From World War I Document Archive
Revision as of 23:18, 15 July 2009 by Bkimberl
Dimitrijvic, Colonel Dragutin, (a.k.a. Apis) (1877-1917) Chief of the Intelligence Department in the Serbian General Staff. Founding member and charismatic leader of the Serbian secret terrorist society -- The Black Hand.
Dimitrijvic's background and eductaion were that of a professional army officer. As a teenager, he attended the lycée in Belgrade, where he was a popular and brilliant student. He also displayed boundless energy and restless activity, for which his fellow students nicknamed him Apis -- the Bee. The nickname stuck. He attended the Military Academy and performed so well that upon his graduation, he moved directly into the General Staff.
An ardent patriot, and Pan-Serb, Apis became a specialist in revolution, conspiracy and assassination. His first scheme, in 1901, to kill King Alexander and his wife failed. He was involved in the second, successful, attempt in 1903. The new regime of King Peter was grateful for his services. He stayed in the background, refusing to give up his secret position of power. A friend of his wrote, "...One saw him nowhere, yet one knew that he was doing everything..." Apis was one of the founding members of the secret terror society called Ujedinjenje ili Smrt (Union or Death), commonly known as The Black Hand. Through his own abilities and attrition on the Executive Committee, Apis grew to become a prominent leader of the organization.
Not all of Apis' plots were successes. In 1911, he sent a man to Vienna to try to kill Emperor Franz Joseph. Nothing came of the attempt. In January 1914, a young Bosnian muslim (Mehmedbasic) was sent to kill Bosnia's Governor, General Potoirek. Mehmedbasic did not follow through. In the spring of 1914, Apis decided that Franz Ferdinand, heir to the Austrian throne, should die. His reasons for his decision are not documented. The heir-apparent's planned reforms for the Austro-Hungarian empire certainly posed a threat to Pan-Slavism. When Franz Ferdinand scheduled a visit to Sarajevo in late June, plans for his murder were laid. Apis' chief aide, Major Tankosic, recruited three young Bosnian Serbs from the seamy coffee shops of Belgrade. Gavrilo Princip, Nedjilko Cabrinovic, and Trifko Grabez were trained and supplied from a base in Serbia. Princip was ultimately successful in carrying out their mission. The assassination became the spark that ignited a world war.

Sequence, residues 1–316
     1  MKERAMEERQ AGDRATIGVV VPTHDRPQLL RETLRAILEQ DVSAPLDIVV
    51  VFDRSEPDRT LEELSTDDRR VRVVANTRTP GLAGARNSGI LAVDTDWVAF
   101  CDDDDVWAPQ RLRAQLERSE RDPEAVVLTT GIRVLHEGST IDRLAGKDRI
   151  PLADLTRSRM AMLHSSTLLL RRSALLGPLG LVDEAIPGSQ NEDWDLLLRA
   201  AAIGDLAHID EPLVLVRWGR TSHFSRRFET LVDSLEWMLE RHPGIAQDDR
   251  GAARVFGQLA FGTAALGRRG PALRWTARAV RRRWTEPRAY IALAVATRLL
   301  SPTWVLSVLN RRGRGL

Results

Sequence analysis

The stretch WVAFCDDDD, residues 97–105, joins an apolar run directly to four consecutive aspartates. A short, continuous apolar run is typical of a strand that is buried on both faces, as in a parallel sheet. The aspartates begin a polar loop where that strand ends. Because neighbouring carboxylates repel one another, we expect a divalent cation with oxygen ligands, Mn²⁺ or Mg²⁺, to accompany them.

In March 1917, Apis was arrested in a government crackdown on the Black Hand. Several theories exist for why. One, is that Prime Minister Pasic and the Prince Regent were preparing to negotiate a separate peace with Austria and that they feared Black Hand reprisals. Another theory was that Pasic wanted to eliminate Apis and the others because they could expose government involvement in the Sarajevo murders. Yet another theory is that Apis was actively subverting the government.
For whatever reason, Apis and many others received a rigged trial before a military tribunal. Apis and three others were sentenced to death for treason. Colonel Dragutin Dimitrijevic was shot at sunrise on June 24, 1917.